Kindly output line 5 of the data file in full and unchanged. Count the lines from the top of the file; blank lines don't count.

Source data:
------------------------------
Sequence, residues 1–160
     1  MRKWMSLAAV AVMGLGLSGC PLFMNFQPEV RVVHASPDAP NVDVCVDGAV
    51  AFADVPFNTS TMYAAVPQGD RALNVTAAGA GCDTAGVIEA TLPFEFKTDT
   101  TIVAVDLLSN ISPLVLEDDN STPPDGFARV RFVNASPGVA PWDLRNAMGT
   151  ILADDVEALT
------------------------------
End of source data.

   151  ILADDVEALT